The virus hits the Venezuelan city, raising fears of a wider crisis

The virus hits the Venezuelan city, raising fears of a wider crisis

CARACAS, Venezuela (AP) – Hospitals in the capital of Venezuela’s main oil-producing state are filled with coronavirus patients and dozens of health workers have been infected, witnesses said this week in early reports of the pandemic flooding the country’s weakened health care system.

Health experts have long feared the impact of COVID-19 on Venezuela, where hospitals have lapsed and drug and essential supplies are in short supply after years of economic and political crisis.

Until now, Venezuela seemed to avoid major outbreaks, even though other South American countries are seeing thousands of new cases every day. Observers have partly attributed the isolation to its protection against widespread infection.

This week, opposition figures and health workers in the city of Maracaibo, the capital of the state of Zulia, reported that an outbreak that started in May has filled the city’s hospitals and infected dozens of doctors and nurses. Officials have set up quarantine centers for asymptomatic patients in about 20 hotels.

According to official figures, as of Friday, Venezuela had 4,525 confirmed cases and 39 deaths, although the actual number appears to be significantly greater. President Nicolás Maduro has taken further steps to limit the spread of the disease in the state of Zulia, the capital of Caracas and eight other states.

The outbreak in Maracaibo, the country’s second most important city, appears to have started in Las Pulgas, a market that normally draws around 20,000 people a day.

The market was closed and the official number of cases in the city of 3 million stands at 600, with the actual number apparently much higher.

Once a state-of-the-art complex, Maracaibo University Hospital suffers daily water shortages and air-conditioning failures, and rats, cockroaches, cats and dogs are all regularly found in the hospital complex.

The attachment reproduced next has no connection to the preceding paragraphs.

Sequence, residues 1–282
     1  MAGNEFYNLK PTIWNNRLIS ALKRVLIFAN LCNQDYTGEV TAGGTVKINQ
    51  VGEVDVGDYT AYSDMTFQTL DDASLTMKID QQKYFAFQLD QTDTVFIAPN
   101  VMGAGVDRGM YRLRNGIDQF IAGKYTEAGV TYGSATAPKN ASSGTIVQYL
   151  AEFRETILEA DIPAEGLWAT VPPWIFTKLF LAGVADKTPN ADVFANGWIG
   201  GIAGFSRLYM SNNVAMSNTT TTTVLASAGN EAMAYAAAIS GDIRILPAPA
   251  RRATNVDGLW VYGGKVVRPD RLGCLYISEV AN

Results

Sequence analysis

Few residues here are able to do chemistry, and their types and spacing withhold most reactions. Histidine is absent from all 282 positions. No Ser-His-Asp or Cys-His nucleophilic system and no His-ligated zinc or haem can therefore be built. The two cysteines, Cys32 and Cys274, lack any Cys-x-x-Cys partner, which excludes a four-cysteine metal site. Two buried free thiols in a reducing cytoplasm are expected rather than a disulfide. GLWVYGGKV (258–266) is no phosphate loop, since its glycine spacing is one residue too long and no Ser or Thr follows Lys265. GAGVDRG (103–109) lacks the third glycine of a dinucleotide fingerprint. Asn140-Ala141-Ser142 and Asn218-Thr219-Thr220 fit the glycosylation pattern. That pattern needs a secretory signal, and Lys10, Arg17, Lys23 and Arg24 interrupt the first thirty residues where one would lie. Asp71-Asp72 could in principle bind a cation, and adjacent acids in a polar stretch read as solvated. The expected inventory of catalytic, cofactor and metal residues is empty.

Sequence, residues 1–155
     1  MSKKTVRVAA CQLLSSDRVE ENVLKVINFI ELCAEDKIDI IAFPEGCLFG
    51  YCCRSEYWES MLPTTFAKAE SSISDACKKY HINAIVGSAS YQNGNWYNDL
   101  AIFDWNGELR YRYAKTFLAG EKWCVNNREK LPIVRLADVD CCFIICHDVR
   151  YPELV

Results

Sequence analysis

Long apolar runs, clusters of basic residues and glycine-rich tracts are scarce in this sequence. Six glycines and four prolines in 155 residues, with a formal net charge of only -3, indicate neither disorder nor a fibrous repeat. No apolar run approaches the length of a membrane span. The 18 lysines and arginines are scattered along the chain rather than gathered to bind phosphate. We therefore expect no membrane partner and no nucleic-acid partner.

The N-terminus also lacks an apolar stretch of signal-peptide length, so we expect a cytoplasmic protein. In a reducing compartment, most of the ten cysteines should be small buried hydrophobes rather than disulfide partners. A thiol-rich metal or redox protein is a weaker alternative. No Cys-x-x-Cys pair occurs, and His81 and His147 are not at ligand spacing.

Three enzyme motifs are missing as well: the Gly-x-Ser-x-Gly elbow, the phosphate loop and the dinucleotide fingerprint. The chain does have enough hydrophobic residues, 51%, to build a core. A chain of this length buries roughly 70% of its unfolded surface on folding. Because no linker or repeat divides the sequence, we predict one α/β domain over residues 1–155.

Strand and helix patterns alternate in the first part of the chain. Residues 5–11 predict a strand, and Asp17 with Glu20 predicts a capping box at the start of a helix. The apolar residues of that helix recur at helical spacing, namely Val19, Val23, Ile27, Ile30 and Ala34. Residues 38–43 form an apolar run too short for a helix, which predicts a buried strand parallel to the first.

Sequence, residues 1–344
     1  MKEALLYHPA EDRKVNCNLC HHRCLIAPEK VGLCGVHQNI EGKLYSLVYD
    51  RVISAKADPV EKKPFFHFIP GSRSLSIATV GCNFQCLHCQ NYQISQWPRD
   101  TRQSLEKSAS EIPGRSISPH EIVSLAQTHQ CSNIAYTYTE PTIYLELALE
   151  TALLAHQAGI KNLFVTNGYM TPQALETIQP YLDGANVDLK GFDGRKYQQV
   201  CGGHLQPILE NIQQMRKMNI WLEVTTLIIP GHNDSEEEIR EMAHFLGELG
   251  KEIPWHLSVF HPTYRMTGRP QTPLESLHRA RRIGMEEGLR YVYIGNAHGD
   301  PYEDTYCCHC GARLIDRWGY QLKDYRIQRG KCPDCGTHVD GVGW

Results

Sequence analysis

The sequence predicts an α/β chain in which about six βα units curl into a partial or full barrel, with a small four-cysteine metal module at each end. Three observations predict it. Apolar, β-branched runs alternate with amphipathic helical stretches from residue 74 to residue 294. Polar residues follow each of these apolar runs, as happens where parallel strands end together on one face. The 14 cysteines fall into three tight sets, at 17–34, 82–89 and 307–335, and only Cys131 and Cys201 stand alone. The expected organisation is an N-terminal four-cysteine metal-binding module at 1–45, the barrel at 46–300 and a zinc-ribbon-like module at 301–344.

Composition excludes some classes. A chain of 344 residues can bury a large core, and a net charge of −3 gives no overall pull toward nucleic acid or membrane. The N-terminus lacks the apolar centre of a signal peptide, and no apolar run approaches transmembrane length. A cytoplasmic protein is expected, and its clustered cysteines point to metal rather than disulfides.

“This is a zoo,” a doctor told The Associated Press, speaking on condition of anonymity for fear of official retaliation. Other medical workers also spoke on condition of anonymity to avoid repercussions from the state.

University Hospital is closed to all patients except those with COVID-19, yet “the wards are bursting,” said another doctor.

In two other hospitals, the Chiquinquirá and Adolfo Pons, beds for virus patients are set up in outpatient examination rooms, a nurse said.

Dr. Surgeon and opposition legislator William Barrientos said 20 small and medium-sized hotels in Maracaibo are being used as quarantine centers for suspected virus patients.

Barrientos said more than 40 doctors have the virus, adding to an already-serious staffing problem due to a lack of gasoline, public transportation and personal protective equipment, all of which contributed to absenteeism.

Maracaibo Military Hospital said a 46-year-old nurse had died. Health professionals told AP she was infected with a virus patient.

Health experts and human rights organizations have been called for more international aid for the Venezuelan health system because of the virus. A fall in government oil prices and mismanagement have led to severe recession and hyperinflation, with nearly a third of the population struggling to feed themselves.

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